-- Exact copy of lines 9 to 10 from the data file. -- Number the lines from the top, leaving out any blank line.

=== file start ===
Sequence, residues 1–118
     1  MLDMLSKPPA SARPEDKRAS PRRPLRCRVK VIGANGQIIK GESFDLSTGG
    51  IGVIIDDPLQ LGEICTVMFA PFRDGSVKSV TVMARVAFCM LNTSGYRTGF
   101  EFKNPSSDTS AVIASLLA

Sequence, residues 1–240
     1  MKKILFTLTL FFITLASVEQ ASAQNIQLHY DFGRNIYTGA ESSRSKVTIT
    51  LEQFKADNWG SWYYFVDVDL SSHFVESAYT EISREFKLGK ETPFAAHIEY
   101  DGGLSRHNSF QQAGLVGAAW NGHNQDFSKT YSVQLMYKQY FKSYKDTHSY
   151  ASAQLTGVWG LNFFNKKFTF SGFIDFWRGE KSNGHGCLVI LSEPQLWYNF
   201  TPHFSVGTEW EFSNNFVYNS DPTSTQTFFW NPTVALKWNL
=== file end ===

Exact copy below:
   151  ASAQLTGVWG LNFFNKKFTF SGFIDFWRGE KSNGHGCLVI LSEPQLWYNF
   201  TPHFSVGTEW EFSNNFVYNS DPTSTQTFFW NPTVALKWNL